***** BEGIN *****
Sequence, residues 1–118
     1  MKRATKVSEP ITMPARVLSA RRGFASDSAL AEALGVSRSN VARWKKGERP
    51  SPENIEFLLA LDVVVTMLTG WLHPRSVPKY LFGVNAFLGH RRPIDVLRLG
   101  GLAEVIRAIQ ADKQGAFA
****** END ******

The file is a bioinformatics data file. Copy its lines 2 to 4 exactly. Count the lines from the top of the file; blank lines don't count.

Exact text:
     1  MKRATKVSEP ITMPARVLSA RRGFASDSAL AEALGVSRSN VARWKKGERP
    51  SPENIEFLLA LDVVVTMLTG WLHPRSVPKY LFGVNAFLGH RRPIDVLRLG
   101  GLAEVIRAIQ ADKQGAFA